The longer the Middle East conflict lasts, say observers, the greater its impact on other parts of the world. Some analysts' warnings of harmful eruptions resulting from the crisis.

The El Ghriba synagogue in Tunisia is a focal point for Jews of North Africa. On April 11, an explosion tore through it, killing three German tourists.

The incident remains under investigation, but columnist Georgie Anne Geyer says it is an ominous sign of exploding Muslim anger over the Israeli-Palestinian conflict.

She writes that Tunisia is a moderate, tolerant Arab country with respect for other faiths. The apparent bombing, she writes, is a wake-up call to the Bush administration to get the Middle East violence under control.

Washington seems to view the conflict in isolation, says John Voll of the Center for Muslim-Christian Understanding at Georgetown University. Rising Muslim anger is not taken into account. "The American policy makers have tended to ignore those expressions of discontent when they have not been in terms of major demonstrations and violence," he says. "And I think this represents the bursting out of the impatience of a very substantial portion of the Muslims of the world."

Professor Voll finds the anti-American protests in normally calm Bahrain especially alarming. He says it means moderate Arab opinion is turning against the United States with unpredictable consequences. "We can expect a significant increase in the level of harassment of Americans, whoever they are, wherever they are in the Muslim world. What you see with Bahrain is that the threat to our military facility is not nearly as important as the real problem this sets for the significant progress in democratization that the ruler of Bahrain had initiated not long ago," he says.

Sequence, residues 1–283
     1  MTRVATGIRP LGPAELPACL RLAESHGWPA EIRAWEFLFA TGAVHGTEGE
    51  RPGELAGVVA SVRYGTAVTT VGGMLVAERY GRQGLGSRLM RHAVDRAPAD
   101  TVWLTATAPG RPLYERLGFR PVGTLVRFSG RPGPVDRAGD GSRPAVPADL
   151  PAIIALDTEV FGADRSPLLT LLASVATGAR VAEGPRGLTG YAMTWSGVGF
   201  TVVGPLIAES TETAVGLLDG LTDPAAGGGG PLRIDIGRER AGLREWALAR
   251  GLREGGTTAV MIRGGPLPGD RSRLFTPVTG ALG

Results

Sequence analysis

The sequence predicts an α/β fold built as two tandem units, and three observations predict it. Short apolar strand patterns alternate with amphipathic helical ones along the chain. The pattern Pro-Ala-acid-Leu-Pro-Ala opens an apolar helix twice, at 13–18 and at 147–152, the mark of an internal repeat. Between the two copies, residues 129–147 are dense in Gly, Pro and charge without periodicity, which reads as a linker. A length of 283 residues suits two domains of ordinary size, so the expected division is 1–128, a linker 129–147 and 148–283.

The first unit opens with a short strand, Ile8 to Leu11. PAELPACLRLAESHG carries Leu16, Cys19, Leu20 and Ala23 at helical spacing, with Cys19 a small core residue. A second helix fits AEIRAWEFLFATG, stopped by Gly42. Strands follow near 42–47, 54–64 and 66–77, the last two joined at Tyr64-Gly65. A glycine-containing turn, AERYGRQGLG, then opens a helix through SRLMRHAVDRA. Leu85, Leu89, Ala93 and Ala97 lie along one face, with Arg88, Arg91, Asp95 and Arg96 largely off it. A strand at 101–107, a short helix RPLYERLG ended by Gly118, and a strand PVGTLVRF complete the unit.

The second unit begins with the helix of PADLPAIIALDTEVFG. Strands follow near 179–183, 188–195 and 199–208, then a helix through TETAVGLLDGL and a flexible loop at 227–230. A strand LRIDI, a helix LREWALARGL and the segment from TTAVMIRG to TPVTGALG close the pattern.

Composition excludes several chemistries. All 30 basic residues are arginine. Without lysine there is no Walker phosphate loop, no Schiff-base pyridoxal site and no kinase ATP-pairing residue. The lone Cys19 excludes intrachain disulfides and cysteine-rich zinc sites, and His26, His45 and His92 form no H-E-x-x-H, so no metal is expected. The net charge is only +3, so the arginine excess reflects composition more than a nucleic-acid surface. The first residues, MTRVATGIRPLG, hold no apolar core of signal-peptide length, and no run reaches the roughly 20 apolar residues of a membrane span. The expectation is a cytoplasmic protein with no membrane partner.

Let's not overreact, cautions Gary Schmitt, executive director of the Project for the New Century in Washington. He says anxious cables are pouring in from U.S. embassies in Arab countries, but those who are closest to the protests are not necessarily the best policy guides. "I think we have overstated the problem with the Arab world. I think when push comes to shove, they will not fall on their swords over the Palestinian issue," he says. "Nevertheless, there would be a lot of short term anger and there would be a lot of short term discomfort with the U.S. position in the Middle East."

In his speech to the Virginia Military Institute, President Bush once again said he is determined to confront the axis of evil, meaning Iran, Iraq and North Korea. He accused them of mad ambitions and ties to terrorist groups.

But Arab outrage may derail U.S. plans for a military attack on Iraq, says Martin Indyk, a former U.S. ambassador to Israel. "If you are looking at it from the perspective of phase two of the war on terror, the Arab League summit was a huge setback for George Bush. The embrace by Crown Prince Abdullah of the vice president of Iraq was a very bad signal about the problems the administration faces in prosecuting phase two because unlike, Afghanistan, we do need Arab support," he says.

Some policy makers say the United States can proceed without this support.

General William Odum says the best way to contain the eruptions in the Middle East is to develop a coherent strategy. That depends on the president knowing what he wants and acting on it.

General Odum recalls his experience in the White House when President Jimmy Carter resolved on a firm policy. He communicated his desires to his subordinates who became very supportive. "President Carter took a lot of risks in pressing the Camp David accords, and he was roundly condemned by a lot of groups in the United States, Jewish groups and non-Jewish groups who were very pro-Israel on territory," he says. "But he persevered, and he got a settlement. So I think if a President wants to do that, he can do it, but he will pay some political price in the U.S.."

General Odum says a much higher price may eventually be paid for not persevering in a coherent policy for the Middle East.